R. Lewis, the chief of police of the Rogue River Police Department (Oregon), began his law enforcement career with the Spokane
Police Department (Washington) in 1972. During his over 30 years in law enforcement he has been a patrol
officer, deputy sheriff, detective, sergeant and for the last 17 years, chief of police.
According to the book description of
Little Blue Whales, A sadistic killer stalks the summer beaches of Oregon, striking at random locations
and then the small coastal city of Cutter Point. As newly hired Cutter Point police chief Kevin Kearnes battles for control
of his dysfunctional agency, fighting corrupt city officials and members within his own department, an accidental meeting
with a beautiful and secretive woman leads to a second chance at love. That is, until an old horror from his past resurfaces,
manifesting itself in the same murder cases he's investigating, and he is about to learn that the most dangerous secrets
to keep...are the ones you don't know you have.
According to the book description of the Sparrow’s Blade,
“In the aftermath of having survived an encounter with pedophile serial killer Uriah Beek almost three years earlier,
two still healing couples reconnect at Christmas time in the small Oregon coast city of Cutter Point. Kevin Kearnes, the city's
former police chief, now a special agent with Homeland Security, is returning to Cutter point with Britt McGraw, and his two
young sons, to marry Britt on the same beach where he'd first kissed her. Thud Compton, Kearnes' old sergeant, and now Cutter
Point's new chief, has invited them to stay at the Compton home. For Margie Compton, having house guests will be a welcome
respite from the ongoing turmoil in her marriage caused by her recent separation from Thud. When Thud is injured at work and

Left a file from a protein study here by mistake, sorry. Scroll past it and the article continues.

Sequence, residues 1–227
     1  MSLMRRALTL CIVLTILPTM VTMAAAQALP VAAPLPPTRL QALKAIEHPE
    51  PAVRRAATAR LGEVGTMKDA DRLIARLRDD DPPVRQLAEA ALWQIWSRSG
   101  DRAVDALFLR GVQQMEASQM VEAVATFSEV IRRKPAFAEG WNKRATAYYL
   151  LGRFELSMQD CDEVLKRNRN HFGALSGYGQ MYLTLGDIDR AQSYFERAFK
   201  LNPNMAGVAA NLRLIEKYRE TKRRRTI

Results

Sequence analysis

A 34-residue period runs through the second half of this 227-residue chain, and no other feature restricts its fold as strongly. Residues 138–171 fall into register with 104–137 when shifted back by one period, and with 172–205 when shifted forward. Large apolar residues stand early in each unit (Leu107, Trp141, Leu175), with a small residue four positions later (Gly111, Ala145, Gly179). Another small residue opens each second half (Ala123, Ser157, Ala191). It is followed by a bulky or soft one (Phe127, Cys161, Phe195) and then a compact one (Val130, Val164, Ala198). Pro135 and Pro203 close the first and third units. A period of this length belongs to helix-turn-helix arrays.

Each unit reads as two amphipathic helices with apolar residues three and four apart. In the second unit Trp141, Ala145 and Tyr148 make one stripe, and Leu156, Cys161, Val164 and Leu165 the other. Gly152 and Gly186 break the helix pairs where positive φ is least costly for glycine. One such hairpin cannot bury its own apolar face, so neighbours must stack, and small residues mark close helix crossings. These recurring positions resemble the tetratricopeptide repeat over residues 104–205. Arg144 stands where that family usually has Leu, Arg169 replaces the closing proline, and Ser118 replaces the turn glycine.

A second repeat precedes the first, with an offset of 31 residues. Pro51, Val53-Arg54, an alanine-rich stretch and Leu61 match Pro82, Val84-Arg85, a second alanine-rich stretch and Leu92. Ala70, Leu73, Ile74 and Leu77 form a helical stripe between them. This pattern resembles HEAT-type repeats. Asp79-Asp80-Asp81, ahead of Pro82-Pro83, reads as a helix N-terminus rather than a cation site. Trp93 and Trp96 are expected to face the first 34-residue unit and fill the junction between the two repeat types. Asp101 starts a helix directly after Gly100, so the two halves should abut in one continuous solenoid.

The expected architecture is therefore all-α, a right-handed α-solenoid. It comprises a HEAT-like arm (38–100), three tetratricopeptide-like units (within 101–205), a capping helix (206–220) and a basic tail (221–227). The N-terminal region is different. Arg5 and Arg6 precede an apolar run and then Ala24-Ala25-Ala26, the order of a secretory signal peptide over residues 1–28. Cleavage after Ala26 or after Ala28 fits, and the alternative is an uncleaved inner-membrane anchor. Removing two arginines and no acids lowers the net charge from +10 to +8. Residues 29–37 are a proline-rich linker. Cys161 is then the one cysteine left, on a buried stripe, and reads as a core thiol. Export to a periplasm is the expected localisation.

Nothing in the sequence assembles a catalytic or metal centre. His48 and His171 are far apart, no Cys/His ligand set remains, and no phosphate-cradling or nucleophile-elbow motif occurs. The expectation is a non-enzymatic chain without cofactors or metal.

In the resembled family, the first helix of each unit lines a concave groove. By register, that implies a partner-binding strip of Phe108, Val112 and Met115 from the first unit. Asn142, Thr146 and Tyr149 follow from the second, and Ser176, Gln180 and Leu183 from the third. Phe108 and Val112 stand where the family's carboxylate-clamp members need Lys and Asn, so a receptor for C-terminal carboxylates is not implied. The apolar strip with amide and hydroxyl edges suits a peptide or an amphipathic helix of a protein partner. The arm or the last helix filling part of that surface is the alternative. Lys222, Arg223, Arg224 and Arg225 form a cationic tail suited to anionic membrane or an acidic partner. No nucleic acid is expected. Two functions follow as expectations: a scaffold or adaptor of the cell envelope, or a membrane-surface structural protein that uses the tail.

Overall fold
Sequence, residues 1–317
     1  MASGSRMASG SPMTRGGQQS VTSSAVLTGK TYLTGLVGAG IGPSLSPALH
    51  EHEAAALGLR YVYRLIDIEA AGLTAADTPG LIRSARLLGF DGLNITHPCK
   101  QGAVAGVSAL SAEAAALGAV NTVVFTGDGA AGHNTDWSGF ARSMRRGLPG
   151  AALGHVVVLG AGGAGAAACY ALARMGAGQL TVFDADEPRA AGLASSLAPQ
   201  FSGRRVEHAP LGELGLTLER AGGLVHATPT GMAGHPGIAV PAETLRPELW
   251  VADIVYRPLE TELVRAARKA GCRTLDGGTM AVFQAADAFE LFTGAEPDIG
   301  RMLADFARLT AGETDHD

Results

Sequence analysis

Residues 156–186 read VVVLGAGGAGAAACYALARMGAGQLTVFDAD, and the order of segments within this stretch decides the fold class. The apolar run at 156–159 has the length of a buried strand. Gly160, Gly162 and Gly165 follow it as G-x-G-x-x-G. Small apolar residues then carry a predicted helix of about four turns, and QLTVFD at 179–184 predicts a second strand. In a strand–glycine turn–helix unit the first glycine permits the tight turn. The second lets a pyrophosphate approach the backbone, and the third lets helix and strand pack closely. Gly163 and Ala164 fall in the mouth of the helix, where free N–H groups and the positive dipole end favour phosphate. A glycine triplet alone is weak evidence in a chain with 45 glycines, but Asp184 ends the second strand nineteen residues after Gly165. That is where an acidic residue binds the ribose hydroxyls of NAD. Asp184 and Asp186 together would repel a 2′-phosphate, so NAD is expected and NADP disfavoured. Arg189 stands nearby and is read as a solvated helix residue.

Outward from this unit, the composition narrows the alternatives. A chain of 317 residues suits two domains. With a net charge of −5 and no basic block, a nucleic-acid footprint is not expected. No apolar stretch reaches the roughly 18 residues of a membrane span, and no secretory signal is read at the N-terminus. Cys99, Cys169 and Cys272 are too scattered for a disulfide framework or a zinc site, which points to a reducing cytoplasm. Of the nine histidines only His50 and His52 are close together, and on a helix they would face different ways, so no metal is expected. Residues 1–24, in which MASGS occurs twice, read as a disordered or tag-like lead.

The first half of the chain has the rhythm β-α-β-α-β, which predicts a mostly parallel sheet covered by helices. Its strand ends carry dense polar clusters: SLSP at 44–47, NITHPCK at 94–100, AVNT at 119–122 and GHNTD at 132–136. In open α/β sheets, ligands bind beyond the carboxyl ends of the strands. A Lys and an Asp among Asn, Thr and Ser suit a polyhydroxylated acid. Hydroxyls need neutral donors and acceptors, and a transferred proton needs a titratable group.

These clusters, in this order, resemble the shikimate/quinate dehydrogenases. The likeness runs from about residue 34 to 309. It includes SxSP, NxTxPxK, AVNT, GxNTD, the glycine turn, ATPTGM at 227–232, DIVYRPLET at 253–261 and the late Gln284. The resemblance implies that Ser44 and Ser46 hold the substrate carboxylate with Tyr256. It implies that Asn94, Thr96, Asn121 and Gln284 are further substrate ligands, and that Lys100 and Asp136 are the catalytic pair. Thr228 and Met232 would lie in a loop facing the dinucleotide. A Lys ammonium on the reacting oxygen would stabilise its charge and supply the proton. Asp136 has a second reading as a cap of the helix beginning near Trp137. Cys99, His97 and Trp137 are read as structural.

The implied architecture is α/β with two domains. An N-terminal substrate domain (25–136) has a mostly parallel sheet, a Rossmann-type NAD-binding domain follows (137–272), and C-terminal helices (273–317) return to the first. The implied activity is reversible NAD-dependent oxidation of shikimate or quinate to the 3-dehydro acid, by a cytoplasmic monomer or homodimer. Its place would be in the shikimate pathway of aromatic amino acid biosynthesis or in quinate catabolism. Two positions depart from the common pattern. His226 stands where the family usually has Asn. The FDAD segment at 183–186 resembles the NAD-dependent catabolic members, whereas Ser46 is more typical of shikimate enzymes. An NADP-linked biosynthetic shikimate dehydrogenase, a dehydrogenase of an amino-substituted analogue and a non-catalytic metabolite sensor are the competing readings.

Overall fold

is forced to move back home shortly before the Kearnes' arrive, the cracks in his relationship with Margie widen further,
ultimately pulling Kevin, and Britt, into the void also as they struggle with their own inner demons. However, the Kearnes'
aren't the only ones traveling to Cutter Point for the holidays. Some very bad men are coming to town, and instead of bearing
gifts, they're planning on taking one for themselves.
An old military sword from WWII rusiting away inside its display case in the local
library, which after 9/11, is now worth a million dollars on the world black market for war artifacts. Russian mobsters "Little
Nikki" Kravchenko, and Vlasi Voronov will gladly accept half that much in payment from Phillip Peeters, the man who's
hired them to steal it. To college student Darius Ono and his friends, the sword is priceless, and reclaiming it will restore
honor to the name of his dead great uncle, war hero Suzumi Ono, "The Emperor's Sparrow." And although they don't
yet know it, Kevin Kearnes, and Thud Compton will face their greatest threat ever when they are forced to pursue the muderous
men who've stolen "The Sparrow's Blade."
Theodore Feit said of Little Blue
Whales, “ The author is a Chief of Police in Oregon, as is the protagonist of this splendid debut novel.
While it is the story of a messianic serial killer, it is really about how a repressed memory of a childhood incident
can affect a grown person's life.
Kevin Kearnes was a policeman in Dodger City, with
a wife and two sons he loved, until things went downhill for some reason and his marriage ended in divorce. He
applied for and won the job of Police Chief in Cutter City, Oregon, in which the mayor and his cronies in city government
and the police department were so corrupt that they fired and hired police chiefs almost annually.
Kevin, of course, not only has to stand up and battle
the corruption, but undertake to conduct an investigation into the disappearance and murder of four young boys while battling
his own demons from the past and coming to grips with a possible new love.
The book is an impressive start for
a first-time novelist. It flows smoothly, is tightly plotted and believable. Obviously
he author's experience as a police chief lends authenticity to the crime novel, but more impressive is the skill with which
he portrays human emotions. No mention is made as to whether or not Mr. Lewis is hard at work at a follow-up
effort. Let's hope he is.”